The Mind And Body Problem

1443 Words Mar 23rd, 2015 6 Pages
Abstract:
It is more reasonable to think that the patient has the usual range of mental states. Behaviours visually express mental states better than knowing if one has a Cartesian soul or the requirement of a normal human brain.
Body:
It is reasonable to think that the patient has the usual range of mental states because she is behaviourally indistinguishable from a normal human. Behaviours make mental states more evidentially obvious than knowing the brain state of a patient or if they have a Cartesian soul or not.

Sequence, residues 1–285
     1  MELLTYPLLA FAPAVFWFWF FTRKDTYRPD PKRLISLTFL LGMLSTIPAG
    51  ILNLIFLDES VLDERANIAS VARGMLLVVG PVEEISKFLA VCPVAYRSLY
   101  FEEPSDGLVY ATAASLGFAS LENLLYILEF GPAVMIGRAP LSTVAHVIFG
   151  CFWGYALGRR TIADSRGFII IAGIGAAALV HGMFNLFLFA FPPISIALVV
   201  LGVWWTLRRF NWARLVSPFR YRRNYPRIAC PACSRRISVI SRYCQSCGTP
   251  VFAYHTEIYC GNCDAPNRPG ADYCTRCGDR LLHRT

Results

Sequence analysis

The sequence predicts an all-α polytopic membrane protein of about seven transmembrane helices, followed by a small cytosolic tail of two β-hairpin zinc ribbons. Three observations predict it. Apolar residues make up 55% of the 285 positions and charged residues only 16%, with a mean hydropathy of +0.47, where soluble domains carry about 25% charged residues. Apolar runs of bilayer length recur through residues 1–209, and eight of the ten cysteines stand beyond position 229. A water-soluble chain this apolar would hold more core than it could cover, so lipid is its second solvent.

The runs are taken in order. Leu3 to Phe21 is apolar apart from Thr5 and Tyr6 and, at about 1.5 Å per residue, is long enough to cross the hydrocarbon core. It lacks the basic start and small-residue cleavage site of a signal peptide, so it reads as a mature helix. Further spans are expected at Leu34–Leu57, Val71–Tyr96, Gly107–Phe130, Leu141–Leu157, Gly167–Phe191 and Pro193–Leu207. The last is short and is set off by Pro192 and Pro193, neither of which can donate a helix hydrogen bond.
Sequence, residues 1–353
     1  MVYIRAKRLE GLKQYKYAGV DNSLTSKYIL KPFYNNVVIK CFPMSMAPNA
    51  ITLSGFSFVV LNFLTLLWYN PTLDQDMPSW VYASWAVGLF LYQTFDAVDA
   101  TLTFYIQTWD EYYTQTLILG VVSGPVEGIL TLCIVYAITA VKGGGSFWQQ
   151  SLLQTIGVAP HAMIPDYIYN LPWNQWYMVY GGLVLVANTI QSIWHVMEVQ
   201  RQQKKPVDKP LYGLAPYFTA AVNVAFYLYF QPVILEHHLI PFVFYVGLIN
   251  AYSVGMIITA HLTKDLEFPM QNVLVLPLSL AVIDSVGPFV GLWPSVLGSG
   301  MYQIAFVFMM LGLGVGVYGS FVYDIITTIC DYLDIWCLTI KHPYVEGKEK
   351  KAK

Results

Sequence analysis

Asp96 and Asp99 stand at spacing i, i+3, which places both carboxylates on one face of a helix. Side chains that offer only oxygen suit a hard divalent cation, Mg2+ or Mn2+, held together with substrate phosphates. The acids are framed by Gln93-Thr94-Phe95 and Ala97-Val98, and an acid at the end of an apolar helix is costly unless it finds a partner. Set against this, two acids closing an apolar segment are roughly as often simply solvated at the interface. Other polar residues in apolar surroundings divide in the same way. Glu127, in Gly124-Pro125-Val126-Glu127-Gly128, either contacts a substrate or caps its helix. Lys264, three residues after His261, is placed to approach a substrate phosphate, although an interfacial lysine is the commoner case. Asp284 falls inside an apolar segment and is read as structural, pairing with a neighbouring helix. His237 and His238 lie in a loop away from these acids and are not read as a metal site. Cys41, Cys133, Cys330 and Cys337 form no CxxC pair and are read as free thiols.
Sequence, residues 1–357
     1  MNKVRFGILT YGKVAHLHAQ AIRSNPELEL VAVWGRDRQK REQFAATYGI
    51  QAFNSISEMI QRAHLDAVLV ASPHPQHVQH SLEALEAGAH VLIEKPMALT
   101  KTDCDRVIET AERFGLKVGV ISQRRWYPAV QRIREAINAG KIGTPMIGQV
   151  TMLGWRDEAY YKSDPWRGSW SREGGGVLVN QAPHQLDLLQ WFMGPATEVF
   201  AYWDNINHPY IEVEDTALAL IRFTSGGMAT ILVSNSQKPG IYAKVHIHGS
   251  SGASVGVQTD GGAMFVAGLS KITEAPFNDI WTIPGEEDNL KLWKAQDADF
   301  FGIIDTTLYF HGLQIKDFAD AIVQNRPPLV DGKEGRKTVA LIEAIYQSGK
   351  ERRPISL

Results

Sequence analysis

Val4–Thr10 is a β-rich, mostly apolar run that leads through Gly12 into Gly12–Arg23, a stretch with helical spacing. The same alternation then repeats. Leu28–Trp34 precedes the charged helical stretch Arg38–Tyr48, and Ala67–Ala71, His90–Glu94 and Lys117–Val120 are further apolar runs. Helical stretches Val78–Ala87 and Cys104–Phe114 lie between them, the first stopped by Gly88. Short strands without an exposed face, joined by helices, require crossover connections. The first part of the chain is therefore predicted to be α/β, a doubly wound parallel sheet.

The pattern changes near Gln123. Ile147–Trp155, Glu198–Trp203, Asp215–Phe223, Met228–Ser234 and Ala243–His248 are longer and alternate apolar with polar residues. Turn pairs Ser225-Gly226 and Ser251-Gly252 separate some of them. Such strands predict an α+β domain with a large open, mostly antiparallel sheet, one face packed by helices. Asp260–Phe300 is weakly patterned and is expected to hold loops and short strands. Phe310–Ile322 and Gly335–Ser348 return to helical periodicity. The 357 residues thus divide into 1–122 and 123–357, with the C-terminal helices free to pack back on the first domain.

Doctor 4 provides the argument that since the patient is behaviourally indistinguishable from a normal human, she has the usual range of mental states. Gilbert Ryle’s view on the mind and body problem stems from “Philosophical or logical behaviourism” (Wk. 8-1, Slide 18). This view means that the idea that ascriptions of mental states correlates to “dispositions of behaviour” (Wk. 8-1, Slide 18). Behaviourists describe that saying, “I am in pain, does not report an inner state, but rather is part of being in pain” (Wk. 8-1, Slide 23). B.F. Skinner, a psychological behaviourist, also believes that mental states correlate to behaviours. Psychological Behaviourism is defined as, “studying the mind by studying behaviour” (Wk. 8-1, Slide 26). Skinner’s black box is an experiment to observe “stimulus/response pairings” (Wk. 8-1, Slide 26). Suppose we were to subject the patient to a number of stimuli in a test environment, and noted down her behaviours. We would…

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